The Daylight Marriage by Heidi Pitlor
Publisher: Algonquin Books
Publication Date: May 5th 2015
Genres: Women's Fiction
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Hannah was the kind of woman who turned heads. Tall and graceful, naturally pretty, often impulsive, always spirited, the upper-class girl who picked, of all men, Lovell--the introverted climate scientist, the practical one who thought he could change the world if he could just get everyone to listen to reason. After a magical honeymoon they settled in the suburbs to raise their two children.
But over the years, Lovell and Hannah’s conversations have become charged with resentments and unspoken desires. She’s become withdrawn and directionless. His work affords him a convenient distraction. The children can sense the tension, which they’ve learned to mostly ignore. Until, after one explosive argument, Hannah vanishes. And Lovell, for the first time, is forced to examine the trajectory of his marriage through the lens of memory--and the eyes of his children. As he tries to piece together what happened to his wife--and to their lives together--readers follow Hannah through that single day when the smallest of decisions takes her to places she never intended to go.
With the intensity of The Lovely Bones, the balance of wit and heartbreak of The Descendants, and the emotional acuity of Anne Tyler’s work, The Daylight Marriage is at its heart a novel about what happens when our intuitions override our logic, with a page-turning plot that doesn’t reveal its secrets until the very end.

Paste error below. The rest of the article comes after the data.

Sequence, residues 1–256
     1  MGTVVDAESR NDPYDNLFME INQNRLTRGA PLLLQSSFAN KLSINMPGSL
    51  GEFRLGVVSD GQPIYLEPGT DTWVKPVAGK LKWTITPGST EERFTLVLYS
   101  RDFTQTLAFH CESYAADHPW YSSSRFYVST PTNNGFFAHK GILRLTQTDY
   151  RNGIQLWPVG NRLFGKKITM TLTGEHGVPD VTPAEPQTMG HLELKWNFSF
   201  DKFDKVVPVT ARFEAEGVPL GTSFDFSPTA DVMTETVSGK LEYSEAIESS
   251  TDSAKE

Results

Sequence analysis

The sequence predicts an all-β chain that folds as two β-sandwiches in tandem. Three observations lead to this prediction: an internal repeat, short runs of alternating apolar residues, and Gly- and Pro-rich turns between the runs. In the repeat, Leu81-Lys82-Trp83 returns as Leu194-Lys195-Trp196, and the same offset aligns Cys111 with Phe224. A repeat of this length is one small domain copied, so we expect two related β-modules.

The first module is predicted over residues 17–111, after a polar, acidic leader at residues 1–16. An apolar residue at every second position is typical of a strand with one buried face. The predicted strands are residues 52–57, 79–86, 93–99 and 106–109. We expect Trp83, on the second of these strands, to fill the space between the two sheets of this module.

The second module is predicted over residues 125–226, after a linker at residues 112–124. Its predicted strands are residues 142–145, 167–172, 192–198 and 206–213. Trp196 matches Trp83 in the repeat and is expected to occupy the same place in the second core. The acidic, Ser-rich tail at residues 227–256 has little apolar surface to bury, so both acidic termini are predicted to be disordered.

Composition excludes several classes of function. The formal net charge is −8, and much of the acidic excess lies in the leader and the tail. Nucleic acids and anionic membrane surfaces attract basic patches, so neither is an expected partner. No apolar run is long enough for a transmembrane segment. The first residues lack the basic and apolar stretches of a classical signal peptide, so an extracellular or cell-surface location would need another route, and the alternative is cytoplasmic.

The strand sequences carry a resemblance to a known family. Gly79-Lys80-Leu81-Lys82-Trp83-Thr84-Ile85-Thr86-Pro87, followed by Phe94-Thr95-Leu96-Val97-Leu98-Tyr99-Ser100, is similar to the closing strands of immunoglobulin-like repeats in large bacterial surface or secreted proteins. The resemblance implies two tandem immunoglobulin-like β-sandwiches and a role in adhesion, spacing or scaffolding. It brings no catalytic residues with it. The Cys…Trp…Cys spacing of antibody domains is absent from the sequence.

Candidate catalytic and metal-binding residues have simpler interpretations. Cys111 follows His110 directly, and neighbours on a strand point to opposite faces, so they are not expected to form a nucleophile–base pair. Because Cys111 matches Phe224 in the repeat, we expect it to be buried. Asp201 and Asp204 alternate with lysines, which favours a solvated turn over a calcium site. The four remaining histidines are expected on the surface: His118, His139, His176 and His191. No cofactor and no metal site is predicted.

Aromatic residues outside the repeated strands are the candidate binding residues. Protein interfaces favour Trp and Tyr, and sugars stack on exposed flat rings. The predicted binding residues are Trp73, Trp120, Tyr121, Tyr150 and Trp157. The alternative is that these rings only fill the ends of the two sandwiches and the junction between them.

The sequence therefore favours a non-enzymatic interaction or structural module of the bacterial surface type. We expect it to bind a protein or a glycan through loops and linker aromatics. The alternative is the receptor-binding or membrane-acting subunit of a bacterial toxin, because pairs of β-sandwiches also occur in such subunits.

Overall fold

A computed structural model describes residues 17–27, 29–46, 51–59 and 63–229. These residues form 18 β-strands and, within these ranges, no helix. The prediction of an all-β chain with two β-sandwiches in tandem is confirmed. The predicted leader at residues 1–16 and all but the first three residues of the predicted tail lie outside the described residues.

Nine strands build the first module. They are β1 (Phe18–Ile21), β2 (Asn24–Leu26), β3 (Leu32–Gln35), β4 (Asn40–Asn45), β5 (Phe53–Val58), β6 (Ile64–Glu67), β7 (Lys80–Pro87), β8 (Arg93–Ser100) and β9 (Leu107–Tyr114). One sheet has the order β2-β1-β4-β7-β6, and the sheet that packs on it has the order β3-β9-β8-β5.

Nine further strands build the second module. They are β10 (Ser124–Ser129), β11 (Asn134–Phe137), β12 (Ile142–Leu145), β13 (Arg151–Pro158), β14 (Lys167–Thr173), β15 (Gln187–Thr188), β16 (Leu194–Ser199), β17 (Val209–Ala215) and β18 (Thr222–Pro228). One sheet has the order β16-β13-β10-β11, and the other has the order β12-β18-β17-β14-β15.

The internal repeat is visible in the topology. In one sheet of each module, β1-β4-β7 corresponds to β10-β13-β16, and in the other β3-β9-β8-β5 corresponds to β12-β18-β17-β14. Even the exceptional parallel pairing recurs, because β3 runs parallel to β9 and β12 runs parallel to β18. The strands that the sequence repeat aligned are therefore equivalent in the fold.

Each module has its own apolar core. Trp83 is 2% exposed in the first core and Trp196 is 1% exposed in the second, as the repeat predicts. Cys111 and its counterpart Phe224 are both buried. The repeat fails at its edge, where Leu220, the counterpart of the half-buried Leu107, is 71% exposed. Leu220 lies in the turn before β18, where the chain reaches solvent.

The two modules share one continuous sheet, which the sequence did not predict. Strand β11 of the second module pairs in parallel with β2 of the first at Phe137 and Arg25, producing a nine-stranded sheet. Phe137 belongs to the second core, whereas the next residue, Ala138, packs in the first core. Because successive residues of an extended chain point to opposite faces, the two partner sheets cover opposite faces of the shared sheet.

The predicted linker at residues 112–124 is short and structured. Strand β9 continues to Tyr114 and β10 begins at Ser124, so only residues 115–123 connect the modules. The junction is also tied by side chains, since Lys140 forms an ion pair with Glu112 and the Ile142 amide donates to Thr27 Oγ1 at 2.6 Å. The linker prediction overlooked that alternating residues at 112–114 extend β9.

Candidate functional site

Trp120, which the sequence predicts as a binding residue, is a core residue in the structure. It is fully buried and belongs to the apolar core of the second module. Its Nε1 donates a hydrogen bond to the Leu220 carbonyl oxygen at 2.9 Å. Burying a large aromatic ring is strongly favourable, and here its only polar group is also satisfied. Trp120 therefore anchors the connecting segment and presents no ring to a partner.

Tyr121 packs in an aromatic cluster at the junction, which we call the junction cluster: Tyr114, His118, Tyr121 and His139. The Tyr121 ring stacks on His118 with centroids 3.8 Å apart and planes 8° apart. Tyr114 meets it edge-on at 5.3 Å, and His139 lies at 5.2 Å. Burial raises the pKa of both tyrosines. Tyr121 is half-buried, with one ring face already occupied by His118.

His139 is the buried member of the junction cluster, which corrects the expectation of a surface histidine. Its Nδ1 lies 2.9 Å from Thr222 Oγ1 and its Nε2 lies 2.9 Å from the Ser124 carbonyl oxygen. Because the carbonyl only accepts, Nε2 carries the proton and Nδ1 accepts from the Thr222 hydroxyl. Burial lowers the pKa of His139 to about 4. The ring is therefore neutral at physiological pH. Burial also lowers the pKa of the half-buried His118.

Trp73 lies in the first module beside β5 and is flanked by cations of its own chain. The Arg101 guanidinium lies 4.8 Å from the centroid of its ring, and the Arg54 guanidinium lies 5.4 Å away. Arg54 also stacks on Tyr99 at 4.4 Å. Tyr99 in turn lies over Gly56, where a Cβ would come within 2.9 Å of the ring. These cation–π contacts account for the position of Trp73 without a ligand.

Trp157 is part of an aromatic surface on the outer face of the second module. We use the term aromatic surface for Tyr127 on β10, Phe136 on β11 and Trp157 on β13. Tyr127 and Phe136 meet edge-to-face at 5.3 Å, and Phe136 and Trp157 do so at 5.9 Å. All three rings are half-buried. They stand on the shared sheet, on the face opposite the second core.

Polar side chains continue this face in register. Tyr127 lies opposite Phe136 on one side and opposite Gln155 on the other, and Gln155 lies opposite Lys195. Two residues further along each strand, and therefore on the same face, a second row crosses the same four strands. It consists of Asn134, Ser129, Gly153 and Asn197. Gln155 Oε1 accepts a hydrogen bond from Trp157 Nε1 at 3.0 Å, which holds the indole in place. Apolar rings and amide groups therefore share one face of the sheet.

So here is the story of two totally different people from vastly different backgrounds who make a hasty decision to marry. She has led a privileged life, one with no obligations or responsibilities, while he, a scientific-nerd, has had to work for everything he ever had.
Fast forward sixteen years and two kids later. Now we find the couple as we expected – a marriage that is unfulfilled, lacking and hanging by a single delicate thread. Then an intense argument irrupts which plunges the couple into a downward spiral that leads to her disappearance and him with a family that is rapidly disintegrating before his eyes.
When I first picked up this book, I immediately pictured Gone Girl and was thrilled. I wanted to tell all my bookish friends that I had found the next fantastic read – that gripping psychological thriller with the same sharp intensity that kept me reading non-stop until the end of the book. Unfortunately, I didn’t find The Daylight Marriage to be that intriguing or intense. I never had that desire to keep reading and found myself laying the book down often as it just didn’t hold my attention. Believe me, I really WANTED to like this book.
In the end, I found The Daylight Marriage by Heidi Pitlor to be a book about a troubled marriage, filled with characters that I really couldn’t connect with and a plot that slowly dragged me along. It isn’t that I disliked the book or found it to be a waste of time. I just feel that if you are hoping to find the next Gone Girl you need to keep looking. This is NOT that book.